Life and Medical Sciences
Cell & Developmental Biology
Wiley InterScience Backfile Collection 1832-2000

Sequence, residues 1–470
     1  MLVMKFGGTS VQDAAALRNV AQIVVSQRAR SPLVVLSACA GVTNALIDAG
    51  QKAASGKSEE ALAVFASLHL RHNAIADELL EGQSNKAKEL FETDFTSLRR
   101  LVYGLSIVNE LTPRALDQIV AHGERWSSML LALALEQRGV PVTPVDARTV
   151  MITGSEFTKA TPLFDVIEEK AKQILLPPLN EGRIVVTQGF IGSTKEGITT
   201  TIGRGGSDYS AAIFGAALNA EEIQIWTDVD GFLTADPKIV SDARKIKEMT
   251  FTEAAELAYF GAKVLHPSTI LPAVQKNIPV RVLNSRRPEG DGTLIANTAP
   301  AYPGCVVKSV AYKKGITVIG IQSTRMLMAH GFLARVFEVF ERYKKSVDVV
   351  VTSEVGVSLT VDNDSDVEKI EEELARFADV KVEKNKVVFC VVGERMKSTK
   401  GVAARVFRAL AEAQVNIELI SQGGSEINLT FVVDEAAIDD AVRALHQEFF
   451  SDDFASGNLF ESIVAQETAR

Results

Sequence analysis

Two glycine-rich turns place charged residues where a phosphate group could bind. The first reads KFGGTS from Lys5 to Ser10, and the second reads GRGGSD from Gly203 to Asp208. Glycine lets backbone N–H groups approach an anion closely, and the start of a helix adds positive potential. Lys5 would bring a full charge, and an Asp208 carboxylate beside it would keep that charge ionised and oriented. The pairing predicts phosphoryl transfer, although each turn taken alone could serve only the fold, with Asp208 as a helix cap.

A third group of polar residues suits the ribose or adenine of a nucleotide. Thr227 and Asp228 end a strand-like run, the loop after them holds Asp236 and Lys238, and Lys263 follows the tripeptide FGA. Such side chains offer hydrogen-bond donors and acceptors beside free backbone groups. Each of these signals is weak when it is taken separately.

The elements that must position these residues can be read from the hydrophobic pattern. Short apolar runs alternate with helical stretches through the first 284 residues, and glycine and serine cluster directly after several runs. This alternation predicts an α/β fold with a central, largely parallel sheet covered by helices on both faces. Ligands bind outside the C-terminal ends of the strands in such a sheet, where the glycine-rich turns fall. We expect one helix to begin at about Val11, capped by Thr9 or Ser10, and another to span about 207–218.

Cellular growth has been found to be directly related to the amount of sodium pumping activity in mouse lymphoblasts (L5178-Y) cultured in varying concentrations of the cardiac glycoside, ouabain. No short-term adaptation (within one generation) occurred; i.e., neither growth rate nor (Na+ + K+)-ATPase activity increased in cells cultured for 1-2 days in ouabain.Growth inhibition commenced after two hours, occurring concomitantly with decreased 3H-leucine incorporation into protein. The time course of this inhibition of protein synthesis, measured by leucine incorporation was similar to, but slightly slower than the time course of the dissipation of the sodium gradient. On the other hand, 3H-thymidine incorporation is unaffected by ouabain treatment over the same period. The uptake of 3H-alanine, a neutral amino acid thought to be transported via a Na+-dependent carrier, was depressed concurrently with the sodium gradient dissipation. It is suggested, therefore, that ouabain inhibition of cellular growth results primarily from the dissipation of the sodium gradient leading to decreased Na+-dependent transport of amino acids (e.g., alanine) and, therefore, decreased protein synthesis, as observed by leucine incorporation.A sensitive and rapid method for determining ouabain inhibition of cell volume regulation is also described, which may prove potentially useful for assaying Na pump activity.
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